Venice and Telluride are now in the rearview, with Toronto soon to wrap up with the announcement of this weekend’s vaunted People’s Choice Awards. Which film will take the top prize? Word is high on Alexander Payne’s “The Holdovers,” Hayao Miyazaki’s “The Boy and the Heron,” Cord Jefferson’s “American Fiction,” and George C. Wolfe’s “Rustin.”

But what else have we learned so far from the fall fests?

In the latest episode of “Screen Talk,” we dish on which films popped at Venice (from “Ferrari” to “Memory,” which won Peter Sarsgaard the Volpi Cup for Best Actor) that also carried buzz over to Colorado in Telluride (namely, Yorgos Lanthimos’ “Poor Things,” which we agree is the cream of the crop currently in terms of contenders). Next month brings the New York Film Festival, host to the North American premieres of Michael Mann’s “Ferrari,” Bradley Cooper’s “Maestro,” and Todd Haynes’ “May December.”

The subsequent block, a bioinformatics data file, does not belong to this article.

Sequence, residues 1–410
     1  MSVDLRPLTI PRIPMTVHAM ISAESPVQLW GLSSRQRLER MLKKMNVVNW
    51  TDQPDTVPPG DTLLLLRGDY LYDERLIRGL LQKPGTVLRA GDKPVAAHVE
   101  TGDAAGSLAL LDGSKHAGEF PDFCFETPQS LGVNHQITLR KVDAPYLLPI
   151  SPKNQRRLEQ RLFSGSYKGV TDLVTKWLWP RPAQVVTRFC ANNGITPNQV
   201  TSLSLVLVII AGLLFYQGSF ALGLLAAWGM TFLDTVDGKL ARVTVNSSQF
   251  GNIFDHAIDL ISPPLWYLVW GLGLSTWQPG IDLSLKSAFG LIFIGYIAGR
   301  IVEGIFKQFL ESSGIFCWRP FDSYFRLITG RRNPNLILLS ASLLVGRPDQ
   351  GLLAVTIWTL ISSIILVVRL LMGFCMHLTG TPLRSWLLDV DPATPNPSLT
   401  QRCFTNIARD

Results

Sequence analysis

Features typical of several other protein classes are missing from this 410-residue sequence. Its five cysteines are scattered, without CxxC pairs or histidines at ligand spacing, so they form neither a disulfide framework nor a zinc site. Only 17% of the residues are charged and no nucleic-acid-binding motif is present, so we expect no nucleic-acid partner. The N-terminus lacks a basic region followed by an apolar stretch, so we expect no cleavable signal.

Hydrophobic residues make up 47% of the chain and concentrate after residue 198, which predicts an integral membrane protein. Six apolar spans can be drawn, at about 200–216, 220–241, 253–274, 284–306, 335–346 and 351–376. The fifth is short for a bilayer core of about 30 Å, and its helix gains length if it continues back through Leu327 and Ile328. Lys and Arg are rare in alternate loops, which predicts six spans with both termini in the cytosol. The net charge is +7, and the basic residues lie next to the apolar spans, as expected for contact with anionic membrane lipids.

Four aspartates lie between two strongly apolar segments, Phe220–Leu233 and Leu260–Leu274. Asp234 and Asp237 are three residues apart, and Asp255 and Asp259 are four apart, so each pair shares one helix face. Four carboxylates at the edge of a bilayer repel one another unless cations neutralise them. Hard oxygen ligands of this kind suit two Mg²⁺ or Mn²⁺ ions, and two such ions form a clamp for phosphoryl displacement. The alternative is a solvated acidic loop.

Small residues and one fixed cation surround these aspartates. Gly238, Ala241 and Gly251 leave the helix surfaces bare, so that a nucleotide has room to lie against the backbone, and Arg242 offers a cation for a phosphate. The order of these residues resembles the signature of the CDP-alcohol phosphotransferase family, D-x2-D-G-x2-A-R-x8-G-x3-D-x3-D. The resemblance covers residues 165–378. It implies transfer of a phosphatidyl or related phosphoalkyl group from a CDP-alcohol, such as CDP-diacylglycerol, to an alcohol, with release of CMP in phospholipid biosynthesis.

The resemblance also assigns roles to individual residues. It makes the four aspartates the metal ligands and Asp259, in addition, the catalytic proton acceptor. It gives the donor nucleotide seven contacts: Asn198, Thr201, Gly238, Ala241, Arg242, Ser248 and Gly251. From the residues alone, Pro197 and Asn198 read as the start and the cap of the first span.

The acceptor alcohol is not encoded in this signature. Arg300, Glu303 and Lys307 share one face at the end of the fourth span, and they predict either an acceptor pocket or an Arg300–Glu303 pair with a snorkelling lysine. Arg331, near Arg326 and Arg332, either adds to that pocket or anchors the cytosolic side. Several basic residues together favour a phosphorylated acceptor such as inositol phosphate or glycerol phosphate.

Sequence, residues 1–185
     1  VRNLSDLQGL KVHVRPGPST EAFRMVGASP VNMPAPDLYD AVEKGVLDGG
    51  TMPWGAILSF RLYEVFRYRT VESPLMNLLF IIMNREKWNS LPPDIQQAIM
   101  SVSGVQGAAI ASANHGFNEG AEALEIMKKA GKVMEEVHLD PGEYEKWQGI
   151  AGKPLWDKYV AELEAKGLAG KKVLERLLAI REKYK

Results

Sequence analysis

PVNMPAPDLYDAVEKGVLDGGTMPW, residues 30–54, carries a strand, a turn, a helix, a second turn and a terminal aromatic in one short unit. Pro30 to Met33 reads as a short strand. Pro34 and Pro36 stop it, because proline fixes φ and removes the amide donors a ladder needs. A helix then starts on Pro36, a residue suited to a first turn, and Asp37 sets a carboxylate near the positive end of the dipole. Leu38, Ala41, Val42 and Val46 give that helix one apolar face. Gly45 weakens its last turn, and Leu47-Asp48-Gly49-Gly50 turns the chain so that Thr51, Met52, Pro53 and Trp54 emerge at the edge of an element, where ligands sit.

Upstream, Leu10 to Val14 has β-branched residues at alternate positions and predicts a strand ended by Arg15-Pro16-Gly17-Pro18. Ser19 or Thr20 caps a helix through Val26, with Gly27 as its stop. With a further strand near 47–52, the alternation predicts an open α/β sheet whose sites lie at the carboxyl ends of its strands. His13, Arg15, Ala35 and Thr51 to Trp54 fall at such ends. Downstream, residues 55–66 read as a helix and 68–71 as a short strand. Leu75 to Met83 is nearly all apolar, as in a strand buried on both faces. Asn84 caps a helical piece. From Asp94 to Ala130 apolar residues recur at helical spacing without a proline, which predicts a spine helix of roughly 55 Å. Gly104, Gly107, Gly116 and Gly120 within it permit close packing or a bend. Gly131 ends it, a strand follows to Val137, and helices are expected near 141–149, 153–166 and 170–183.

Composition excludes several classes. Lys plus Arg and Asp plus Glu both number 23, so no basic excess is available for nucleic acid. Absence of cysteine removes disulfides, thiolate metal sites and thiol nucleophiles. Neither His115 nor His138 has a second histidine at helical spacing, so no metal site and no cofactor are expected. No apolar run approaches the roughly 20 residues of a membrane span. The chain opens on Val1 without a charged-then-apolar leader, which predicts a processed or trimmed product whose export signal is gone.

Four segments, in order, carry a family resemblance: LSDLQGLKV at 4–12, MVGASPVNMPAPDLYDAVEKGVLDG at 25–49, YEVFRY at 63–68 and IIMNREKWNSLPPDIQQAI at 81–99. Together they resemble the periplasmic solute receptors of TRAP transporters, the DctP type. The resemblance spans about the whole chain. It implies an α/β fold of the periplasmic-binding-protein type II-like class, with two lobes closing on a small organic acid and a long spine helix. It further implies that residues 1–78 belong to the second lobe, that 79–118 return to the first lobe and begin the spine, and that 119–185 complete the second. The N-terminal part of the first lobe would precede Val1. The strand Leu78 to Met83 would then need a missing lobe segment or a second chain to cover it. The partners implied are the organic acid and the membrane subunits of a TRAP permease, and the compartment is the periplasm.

In the below episode, we also touch on Lane Brown’s recent Vulture article, “The Decomposition of Rotten Tomatoes,” which cracked open the lid on how Rotten Tomatoes scores can be bought by PR companies and the threat that poses to the already-tenuous state of film criticism.

Watch the full episode above or listen to it below.

Screen Talk is produced by Azwan Badruzaman and available on Apple Podcasts, Stitcher, and Spotify, and hosted by Megaphone. Browse previous episodes here, subscribe here, and be sure to let us know if you’d like to hear the hosts address specific issues in upcoming editions of Screen Talk. 

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